Appliances Checklist

If you are relocating internationally, the first decision to make regarding your appliances is whether to ship them or leave them behind. You may also decide to purchase new appliances specifically for overseas use. If you buy appliances for overseas use, keep the bills for purchase or repair so that you can prove prior possession and avoid paying duty upon return to the United States.

If you are planning to ship your appliances, first have them serviced by a qualified repairman prior to the move. You should have the operator’s manual for each appliance on hand to make servicing abroad much easier.

The following checklist of questions should help you with the decision to keep your current appliances or buy new ones.
  • Does it make sense cost-wise to ship my major appliances?

  • Major appliances may incur additional freight charges. Before you decide to include them in your shipment, make sure the appliances are suitable for use at your new destination.

  • If your employer is paying for your move, check with their policy to see if they cover the costs of shipping these major appliances, such as refrigerators, washers, dryers, etc.

  • Will I need different appliances that what I have now?

  • In very warm climates, you may require more space for refrigeration than in cooler climates where pantry storage will adequately store food items.

  • You may need a washing machine with a built-in water heater if your new home permits only a cold-water supply.

  • In some countries, newer homes come with built-in vacuum systems. You may no longer need your vacuum cleaner.

  • Will my appliance be suitable for use in my new destination?

  • Is there enough space to accommodate your old appliances in your new home? Hopefully you were able to take measurements of the dimensions of the relevant rooms for these items so that you can plan in advance. Don’t forget that during the move your belongings may need to be brought in using an elevator or stairwell and your appliances must be able to fit in these spaces.

  • Is the electrical voltage compatible? Are plugs and/or sockets compatible? What is the correct configuration? You may be able to use a transformer or converter to convert the appliance’s electrical cycle. Or, the appliance may already have a multi-system or dual voltage option.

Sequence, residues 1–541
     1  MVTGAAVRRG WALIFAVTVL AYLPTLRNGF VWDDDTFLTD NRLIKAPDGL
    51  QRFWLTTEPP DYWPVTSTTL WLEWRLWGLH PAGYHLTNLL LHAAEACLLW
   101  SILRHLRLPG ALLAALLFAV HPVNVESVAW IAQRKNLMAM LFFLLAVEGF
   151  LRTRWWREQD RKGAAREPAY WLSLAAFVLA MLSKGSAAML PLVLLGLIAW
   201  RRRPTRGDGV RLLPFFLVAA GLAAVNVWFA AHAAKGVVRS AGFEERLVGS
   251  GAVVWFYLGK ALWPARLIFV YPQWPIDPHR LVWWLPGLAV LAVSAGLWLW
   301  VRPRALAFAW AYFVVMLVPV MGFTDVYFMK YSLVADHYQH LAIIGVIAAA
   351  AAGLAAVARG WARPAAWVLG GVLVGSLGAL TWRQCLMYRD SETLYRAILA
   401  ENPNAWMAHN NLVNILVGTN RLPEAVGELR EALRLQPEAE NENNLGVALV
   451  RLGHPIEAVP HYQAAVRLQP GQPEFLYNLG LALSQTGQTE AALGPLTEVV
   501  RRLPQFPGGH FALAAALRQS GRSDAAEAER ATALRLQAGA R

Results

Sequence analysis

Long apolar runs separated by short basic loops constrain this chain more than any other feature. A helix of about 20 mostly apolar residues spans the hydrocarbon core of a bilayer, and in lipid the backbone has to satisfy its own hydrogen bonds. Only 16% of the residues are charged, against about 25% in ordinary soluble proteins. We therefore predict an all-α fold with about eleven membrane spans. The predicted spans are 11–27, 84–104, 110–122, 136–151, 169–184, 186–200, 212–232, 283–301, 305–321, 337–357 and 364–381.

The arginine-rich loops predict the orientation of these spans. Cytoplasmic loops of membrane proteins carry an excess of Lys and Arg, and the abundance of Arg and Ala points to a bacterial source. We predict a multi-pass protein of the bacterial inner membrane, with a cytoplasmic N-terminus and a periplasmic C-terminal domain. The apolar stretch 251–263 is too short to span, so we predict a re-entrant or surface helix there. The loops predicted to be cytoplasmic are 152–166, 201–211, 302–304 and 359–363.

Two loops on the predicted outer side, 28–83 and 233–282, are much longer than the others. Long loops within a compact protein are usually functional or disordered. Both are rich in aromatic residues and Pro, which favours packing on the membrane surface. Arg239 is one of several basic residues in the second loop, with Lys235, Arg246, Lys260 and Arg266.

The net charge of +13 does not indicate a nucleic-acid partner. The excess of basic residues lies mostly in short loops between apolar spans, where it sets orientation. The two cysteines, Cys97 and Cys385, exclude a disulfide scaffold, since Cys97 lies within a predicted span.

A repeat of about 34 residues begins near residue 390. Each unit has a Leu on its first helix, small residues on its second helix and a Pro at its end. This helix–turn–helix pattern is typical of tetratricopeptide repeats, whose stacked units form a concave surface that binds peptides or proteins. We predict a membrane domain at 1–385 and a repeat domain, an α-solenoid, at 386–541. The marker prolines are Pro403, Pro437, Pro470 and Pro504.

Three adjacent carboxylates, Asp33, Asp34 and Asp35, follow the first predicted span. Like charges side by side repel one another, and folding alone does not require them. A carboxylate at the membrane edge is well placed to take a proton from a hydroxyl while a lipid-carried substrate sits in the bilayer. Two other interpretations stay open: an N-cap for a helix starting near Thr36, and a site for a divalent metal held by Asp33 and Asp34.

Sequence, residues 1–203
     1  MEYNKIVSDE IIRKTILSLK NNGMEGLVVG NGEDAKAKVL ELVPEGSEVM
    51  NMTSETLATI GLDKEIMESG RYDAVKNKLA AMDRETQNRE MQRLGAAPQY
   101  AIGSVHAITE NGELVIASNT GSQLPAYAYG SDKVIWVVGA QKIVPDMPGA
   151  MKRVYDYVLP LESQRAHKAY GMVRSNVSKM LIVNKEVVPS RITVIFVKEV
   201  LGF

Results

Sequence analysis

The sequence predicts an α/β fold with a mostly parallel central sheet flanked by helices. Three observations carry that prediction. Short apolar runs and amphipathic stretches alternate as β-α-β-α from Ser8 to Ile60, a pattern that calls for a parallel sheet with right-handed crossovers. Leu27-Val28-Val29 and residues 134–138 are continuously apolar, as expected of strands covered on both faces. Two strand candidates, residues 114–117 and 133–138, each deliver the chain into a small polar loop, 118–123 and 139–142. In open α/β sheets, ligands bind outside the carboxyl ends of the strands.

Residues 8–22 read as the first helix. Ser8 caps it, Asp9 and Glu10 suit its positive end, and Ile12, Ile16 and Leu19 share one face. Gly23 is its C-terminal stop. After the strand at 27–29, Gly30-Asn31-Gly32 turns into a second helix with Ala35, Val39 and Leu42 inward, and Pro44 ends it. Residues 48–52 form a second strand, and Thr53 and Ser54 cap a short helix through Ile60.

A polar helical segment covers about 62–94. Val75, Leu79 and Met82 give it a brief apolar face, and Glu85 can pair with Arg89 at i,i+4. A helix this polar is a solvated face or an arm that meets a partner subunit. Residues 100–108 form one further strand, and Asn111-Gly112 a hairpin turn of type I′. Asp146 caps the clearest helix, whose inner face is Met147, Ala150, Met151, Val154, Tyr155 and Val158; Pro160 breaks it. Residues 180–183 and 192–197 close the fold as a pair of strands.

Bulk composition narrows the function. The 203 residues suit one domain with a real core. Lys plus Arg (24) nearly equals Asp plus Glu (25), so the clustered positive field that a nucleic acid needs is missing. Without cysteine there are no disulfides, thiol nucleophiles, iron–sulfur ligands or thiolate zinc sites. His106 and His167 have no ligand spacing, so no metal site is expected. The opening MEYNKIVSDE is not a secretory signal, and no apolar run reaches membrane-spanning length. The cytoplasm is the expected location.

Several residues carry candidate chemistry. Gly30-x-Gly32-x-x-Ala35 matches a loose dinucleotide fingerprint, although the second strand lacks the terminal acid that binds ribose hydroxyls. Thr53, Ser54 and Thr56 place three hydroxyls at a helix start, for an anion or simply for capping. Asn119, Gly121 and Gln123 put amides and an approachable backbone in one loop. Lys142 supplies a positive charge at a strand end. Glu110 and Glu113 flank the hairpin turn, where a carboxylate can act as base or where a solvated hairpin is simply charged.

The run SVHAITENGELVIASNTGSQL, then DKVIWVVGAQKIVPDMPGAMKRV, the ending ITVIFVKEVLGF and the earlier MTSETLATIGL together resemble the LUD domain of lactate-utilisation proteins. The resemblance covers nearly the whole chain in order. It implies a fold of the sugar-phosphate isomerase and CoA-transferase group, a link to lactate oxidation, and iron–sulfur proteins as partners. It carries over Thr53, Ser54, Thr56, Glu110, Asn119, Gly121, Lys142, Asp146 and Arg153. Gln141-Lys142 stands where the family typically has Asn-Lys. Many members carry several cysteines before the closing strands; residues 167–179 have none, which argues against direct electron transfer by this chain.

• Different countries have different standards when it comes to TV broadcast signal standards. Check to see that your television will be able to get local broadcasts or learn what options are available such as cable or satellite TV.

  • I plan to buy new appliances. Should I buy now or after I arrive?

  • How soon will you need the new appliances? If you need them right away, you may need to check with local suppliers to see if the items are in stock or if you will need to wait for delivery. Are suitable appliances easy to find locally?

  • How do prices compare in your new destination? Are you better off purchasing the items here and having them shipped?

  • If you plan to return to the US, you may be able to avoid paying duty on these items upon return. You can establish prior possession by purchasing the items in the States and keep proof of all purchases.

  • What if my appliances require servicing after the move?

  • Find out what maintenance and parts services are available locally.

  • Check the terms of any existing warranties on your appliances.

  • If purchasing new items in the US prior to the move, check to see if the warranty includes international coverage.